Lynx Prowler VT Stinger Driving Iron

New Hybrid Club Is A Fairway-Finding Beast

Lynx Golf’s brand new Prowler VT Stinger Driving Iron is both a throwback of sorts to the age of the 1-iron – golfers of a certain vintage will relate, whether they actually dared to keep such “butter knives” in their bags — and a huge leap forward in the hybrid iron genre.

While all the new clubs rolling off a rejuvenated Lynx Golf’s production line have impressed Golf Tips reviewers for the better part of 2019, this new stick takes us into 2020 as another fairway-finding weapon altogether, pretty much a genre all its own.

And an affordable one at that.

Offered in 15- or 16-degree lofts (Ben Hogan’s famed 1-iron was supposedly 17 degrees), with a shaft length about the same as the average 4- or 5-hybrid, the Prowler VT Stinger’s very name gives away its utility as a gotta-keep-it-in-the-short-grass option when the driver, or even a 3-metal or easy-to-duck hook hybrid just doesn’t feel right when you’re faced with a sharp dogleg or otherwise tight landing zone.

For one thing, the club’s high-profile face not only affords a bit more visual confidence at address, but its varying-thickness design redistributes weight toward the face’s periphery to, says the company, “increase MOI and reduce sidespin on off-center hits by up to 36%.”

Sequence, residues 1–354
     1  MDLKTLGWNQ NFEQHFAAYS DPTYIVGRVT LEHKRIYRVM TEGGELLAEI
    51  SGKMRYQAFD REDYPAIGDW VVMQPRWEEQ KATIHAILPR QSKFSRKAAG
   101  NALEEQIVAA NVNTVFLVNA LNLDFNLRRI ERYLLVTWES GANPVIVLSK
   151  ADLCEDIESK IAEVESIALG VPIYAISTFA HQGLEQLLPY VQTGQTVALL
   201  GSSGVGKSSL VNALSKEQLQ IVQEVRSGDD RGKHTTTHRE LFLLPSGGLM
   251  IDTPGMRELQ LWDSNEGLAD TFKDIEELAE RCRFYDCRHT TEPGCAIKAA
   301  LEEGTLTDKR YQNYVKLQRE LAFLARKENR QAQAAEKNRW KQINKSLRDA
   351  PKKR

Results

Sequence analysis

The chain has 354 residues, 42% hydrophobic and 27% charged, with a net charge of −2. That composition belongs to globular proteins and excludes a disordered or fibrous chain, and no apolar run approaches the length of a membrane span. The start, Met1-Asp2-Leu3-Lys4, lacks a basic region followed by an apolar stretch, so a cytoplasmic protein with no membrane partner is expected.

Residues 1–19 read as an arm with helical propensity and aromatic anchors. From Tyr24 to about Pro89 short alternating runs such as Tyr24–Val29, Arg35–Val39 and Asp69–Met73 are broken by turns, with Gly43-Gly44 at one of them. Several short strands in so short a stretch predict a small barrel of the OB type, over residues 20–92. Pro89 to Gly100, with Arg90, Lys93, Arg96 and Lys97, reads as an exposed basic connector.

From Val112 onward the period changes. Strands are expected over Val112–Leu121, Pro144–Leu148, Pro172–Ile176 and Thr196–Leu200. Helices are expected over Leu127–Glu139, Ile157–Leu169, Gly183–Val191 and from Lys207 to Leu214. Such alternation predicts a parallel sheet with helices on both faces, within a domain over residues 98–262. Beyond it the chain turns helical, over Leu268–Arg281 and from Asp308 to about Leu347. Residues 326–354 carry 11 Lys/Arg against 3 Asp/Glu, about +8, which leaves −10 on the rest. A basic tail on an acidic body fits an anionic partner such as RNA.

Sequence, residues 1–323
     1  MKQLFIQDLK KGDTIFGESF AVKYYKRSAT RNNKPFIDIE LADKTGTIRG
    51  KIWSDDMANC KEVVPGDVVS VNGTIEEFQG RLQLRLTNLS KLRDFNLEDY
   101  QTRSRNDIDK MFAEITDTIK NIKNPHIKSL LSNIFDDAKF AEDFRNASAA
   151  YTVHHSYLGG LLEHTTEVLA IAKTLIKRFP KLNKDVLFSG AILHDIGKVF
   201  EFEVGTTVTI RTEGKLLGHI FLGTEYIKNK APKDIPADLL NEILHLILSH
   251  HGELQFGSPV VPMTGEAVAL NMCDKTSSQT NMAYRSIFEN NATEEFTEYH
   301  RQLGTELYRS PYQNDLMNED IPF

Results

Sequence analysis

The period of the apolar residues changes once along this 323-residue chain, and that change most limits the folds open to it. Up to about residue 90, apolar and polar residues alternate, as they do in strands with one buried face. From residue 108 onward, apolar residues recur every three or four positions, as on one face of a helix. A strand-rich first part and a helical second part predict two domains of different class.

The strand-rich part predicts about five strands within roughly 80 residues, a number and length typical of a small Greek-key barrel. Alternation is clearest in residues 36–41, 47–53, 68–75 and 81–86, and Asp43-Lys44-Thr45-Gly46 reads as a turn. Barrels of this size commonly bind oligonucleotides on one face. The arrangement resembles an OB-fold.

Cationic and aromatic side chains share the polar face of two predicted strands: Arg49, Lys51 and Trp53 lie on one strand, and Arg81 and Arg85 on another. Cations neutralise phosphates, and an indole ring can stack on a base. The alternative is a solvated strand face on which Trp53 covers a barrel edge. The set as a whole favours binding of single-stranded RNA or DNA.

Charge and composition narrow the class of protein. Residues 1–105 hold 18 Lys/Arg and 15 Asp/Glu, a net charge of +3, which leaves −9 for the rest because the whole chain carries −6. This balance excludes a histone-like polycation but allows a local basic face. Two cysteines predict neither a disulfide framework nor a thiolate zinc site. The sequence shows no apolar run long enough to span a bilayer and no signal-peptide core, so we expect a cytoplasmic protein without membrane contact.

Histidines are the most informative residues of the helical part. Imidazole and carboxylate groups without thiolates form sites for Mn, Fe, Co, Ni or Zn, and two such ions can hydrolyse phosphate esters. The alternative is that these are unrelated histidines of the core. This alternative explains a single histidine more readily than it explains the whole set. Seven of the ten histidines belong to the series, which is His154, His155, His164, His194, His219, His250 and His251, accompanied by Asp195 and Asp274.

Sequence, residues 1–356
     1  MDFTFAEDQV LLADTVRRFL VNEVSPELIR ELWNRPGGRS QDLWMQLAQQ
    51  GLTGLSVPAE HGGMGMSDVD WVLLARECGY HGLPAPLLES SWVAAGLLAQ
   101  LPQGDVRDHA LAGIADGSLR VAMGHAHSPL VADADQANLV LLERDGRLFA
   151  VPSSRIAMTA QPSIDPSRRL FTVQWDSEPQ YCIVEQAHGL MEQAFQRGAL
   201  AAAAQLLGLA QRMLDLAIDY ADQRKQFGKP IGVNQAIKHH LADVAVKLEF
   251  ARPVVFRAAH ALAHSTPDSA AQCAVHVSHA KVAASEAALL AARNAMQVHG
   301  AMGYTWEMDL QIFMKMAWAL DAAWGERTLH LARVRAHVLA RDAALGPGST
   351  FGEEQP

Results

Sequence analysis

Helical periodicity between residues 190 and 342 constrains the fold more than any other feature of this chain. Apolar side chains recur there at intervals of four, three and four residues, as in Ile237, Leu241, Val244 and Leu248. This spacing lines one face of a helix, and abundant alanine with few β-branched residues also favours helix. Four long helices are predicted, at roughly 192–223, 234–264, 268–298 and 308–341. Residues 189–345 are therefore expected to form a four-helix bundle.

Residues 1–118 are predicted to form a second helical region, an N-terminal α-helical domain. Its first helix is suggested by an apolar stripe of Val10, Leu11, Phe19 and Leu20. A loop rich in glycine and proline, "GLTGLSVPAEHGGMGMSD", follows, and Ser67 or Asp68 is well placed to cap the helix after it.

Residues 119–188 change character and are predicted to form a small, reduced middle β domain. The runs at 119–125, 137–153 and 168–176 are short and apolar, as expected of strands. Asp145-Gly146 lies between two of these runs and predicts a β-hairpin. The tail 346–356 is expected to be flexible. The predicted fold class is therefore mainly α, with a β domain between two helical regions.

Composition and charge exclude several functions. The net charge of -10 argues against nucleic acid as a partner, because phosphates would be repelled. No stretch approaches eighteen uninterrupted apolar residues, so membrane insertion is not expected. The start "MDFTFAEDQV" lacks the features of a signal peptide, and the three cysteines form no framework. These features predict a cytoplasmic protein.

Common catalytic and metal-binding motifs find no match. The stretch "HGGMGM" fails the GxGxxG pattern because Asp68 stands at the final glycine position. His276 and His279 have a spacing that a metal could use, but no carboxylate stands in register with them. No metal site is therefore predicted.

We found no issue with that assertion. When teed low and struck with a slightly downward blow, as you would with a regular iron, the Stinger produces a piercing ball flight that would make Tiger himself nod and smile in approval. Contact feels both soft and solid, and with the weight profile and wide sole, the club resists the big curve; it’s virtually impossible to turn the toe over, or drag it, through impact.

During on-course testing on two Maui favorites — the recently tweaked Plantation Course at Kapalua Resort and popular Emerald Course at Wailea — the Prowler VT Stinger made pleasing work of several tee shots, including a beautiful baby draw on the Emerald’s testy, water-laden, downhill, short par 4 17th. Distance-wise the club compares to a 3-metal (most of which are also 15 degrees); on that particular hole we were left with a half-wedge to a front pin. Tasty!

Yes, the Stinger is indeed a “driving” iron — it’s right there in the name—but don’t be afraid to employ it from the fairway, especially from level lies with plenty of grass under the ball. Just play it a bit back in the stance, shallow out the swing just a skosh, and don’t get too steep coming down, as a fat shot is sure to follow.

Back on the tee, you can move the club forward, make a nice-relaxed move and marvel at the resulting dead-straight, wind-cheating shot. And you don’t have to find a pinhead-sized sweet spot, a la the old 1970s 1-iron, to pull it off.

Yes, we love our hybrids, including Lynx’s own Black Cat line, but this baby has earned a spot in our regular 14-stick rotation. It’s a big-time Prowler for par, or better.

$129/$149 |



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